Foreign Housekeepers in Hong Kong

By Huiyu Yin

If you are visiting Hong Kong for the first time, get prepared for this scene: foreign housekeepers in Hong Kong, known as “helpers” or “maids,” crowd the city’s parks, underpasses, overpasses and any public area every Sunday, which is their only day off. All the women dress up, bring food to share, play music, sing and dance. Despite sitting on cardboards and newspapers, they are truly celebrating a holiday of their own.

Foreign domestic workers make up around 3 percent of Hong Kong’s population. In 2013, there were about 320,000 maids in Hong Kong, of which 50 per cent were from the Philippines and 47 per cent from Indonesia. Incidents of abuse and torture at the hands of their employers are frequently reported and revealed in high-profile court proceedings. However, many more are hidden from public view. According to a survey conducted by Mission for Migrant Workers, a HK-based charity, in April 2013, of more than 3,00 maids, 58% reported suffering verbal abuse, 18% physical abuse and 6% sexual abuse.

The case of Erwinana Sulistyaningsih hit all the major headlines earlier this year. Ms. Sulistyaningsih reported that she suffered months of abuse from a 44-year-old employer, Law Wan-tung, in Hong Kong: both her eyes were bruised from being struck repeatedly, and her hands and feet were charred from suspected chemical burns. The Hong Kong police arrested Ms. Law following a separate complaint by another maid who had also been employed by Ms. Law. Ms. Law is facing charges of abuse.

The city’s law is making conditions worse for the maids. The law requires that maids must reside with their employers. Their wages are subject to a statutory minimum of HK$4,010 per month based on a 48-hour workweek, whereas it is between HK$5,760 and $6.240 a month for everyone else. The minimum wage law has no limit on working hours. According to a report by Amnesty International, a third of maids surveyed said they worked 17 hours a day. Most only take one day off a week, which means many are working over 100 hours a week, making them some of the most overworked in the world. “Objectively speaking, domestic workers are probably the most undervalued workers to work in Hong Kong,” says human rights lawyer Rob Connelly.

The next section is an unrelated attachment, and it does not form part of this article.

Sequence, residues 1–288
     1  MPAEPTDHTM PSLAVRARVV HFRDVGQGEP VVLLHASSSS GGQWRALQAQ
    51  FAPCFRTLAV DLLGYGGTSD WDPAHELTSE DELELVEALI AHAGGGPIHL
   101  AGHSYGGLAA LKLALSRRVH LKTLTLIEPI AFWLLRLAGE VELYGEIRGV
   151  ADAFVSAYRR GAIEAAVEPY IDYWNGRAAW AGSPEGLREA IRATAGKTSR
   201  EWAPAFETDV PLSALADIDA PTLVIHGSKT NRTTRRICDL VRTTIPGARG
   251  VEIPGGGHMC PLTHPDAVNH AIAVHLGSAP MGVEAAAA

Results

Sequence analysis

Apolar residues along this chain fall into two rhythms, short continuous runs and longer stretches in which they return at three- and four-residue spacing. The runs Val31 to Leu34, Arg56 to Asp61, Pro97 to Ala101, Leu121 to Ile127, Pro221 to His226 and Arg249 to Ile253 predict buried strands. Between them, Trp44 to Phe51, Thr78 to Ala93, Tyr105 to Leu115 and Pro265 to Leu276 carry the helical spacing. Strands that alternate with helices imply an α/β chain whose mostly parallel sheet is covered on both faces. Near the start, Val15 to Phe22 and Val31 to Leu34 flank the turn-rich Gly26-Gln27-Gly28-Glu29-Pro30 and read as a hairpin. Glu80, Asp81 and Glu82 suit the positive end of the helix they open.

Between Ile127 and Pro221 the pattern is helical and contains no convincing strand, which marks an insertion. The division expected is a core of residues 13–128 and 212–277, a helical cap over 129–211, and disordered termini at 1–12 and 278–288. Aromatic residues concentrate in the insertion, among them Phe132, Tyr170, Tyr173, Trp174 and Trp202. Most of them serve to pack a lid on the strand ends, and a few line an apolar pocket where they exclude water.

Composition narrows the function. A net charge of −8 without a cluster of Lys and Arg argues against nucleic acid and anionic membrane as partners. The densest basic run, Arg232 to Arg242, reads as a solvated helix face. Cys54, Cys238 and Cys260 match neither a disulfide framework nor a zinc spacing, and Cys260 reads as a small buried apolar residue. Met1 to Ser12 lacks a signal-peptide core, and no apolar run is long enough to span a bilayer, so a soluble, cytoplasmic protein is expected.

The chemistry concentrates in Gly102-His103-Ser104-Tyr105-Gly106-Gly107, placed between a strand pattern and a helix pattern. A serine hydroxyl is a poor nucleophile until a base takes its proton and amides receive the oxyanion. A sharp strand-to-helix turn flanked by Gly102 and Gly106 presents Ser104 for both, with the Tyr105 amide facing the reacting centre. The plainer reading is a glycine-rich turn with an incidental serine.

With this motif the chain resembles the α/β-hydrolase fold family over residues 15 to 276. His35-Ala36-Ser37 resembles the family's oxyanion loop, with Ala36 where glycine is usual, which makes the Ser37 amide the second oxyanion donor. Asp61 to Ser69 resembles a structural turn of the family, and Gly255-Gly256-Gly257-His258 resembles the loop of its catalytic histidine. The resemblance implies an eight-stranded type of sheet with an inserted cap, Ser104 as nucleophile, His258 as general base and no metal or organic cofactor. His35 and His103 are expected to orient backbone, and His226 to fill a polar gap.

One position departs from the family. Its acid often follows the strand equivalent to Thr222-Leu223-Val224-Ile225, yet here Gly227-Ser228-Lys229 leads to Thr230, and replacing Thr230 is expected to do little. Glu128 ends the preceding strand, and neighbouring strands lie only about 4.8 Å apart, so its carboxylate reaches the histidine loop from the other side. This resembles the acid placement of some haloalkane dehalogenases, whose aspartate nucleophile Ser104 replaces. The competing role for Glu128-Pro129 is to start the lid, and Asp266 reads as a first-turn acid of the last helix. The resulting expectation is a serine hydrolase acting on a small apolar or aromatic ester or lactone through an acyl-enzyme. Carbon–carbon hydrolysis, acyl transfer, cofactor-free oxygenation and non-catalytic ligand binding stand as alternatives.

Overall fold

Activists, charities and academics claim that Indonesians, as a group, are especially vulnerable. Amnesty International wrote in a November report that thousands of Indonesian women trafficked to Hong Kong faced "slavery-like" conditions. Hans Ladegaard, a professor at Hong Kong's Baptist University, has been conducting research into abuse of maids in Hong Kong since 2008. He believes that Indonesian workers are at more risk compared to their Filipino counterparts because they tend to be younger, less educated and speak less fluent English. He says that some families prefer to hire Indonesian maids because they accept lower salaries than Filipinos and are marketed by employment agencies as being more “obedient.” “In my mind, what the agencies told the employers is basically permission to exploit and abuse them,” he says.

Employment agencies in Hong Kong and Indonesia not only failed to protect their clients, but in some cases, deceive them outright as well. Rohyati, a 26-year-old Indonesian woman, travelled to Hong Kong to work as a maid. Her salary for the first job was HK$ 3,920, less than the legal minimum. In the first six months, she had to pay HK$2,543 to a Hong Kong-based employment agency every month for her training and recruitment. When her employer’s mother slapped her for the first time, Rohyati said that she spoke to the agency right away to ask for advice. The agency told her to be patient and wait for six months, until after she paid back all the fees, before she could leave. Over the next two months, she continued to report the physical abuse to the agency, but to no avail.

The good news is that Erwinana Sulistyaningsih’s case has drawn attention of activists, charities, and the Hong Kong government. The Hong Kong Labor Department has ramped up its publicity efforts in areas where Indonesian domestic workers gather on weekends to inform them of their rights. However, more needs to be done to react to an increasing number of human rights abuses.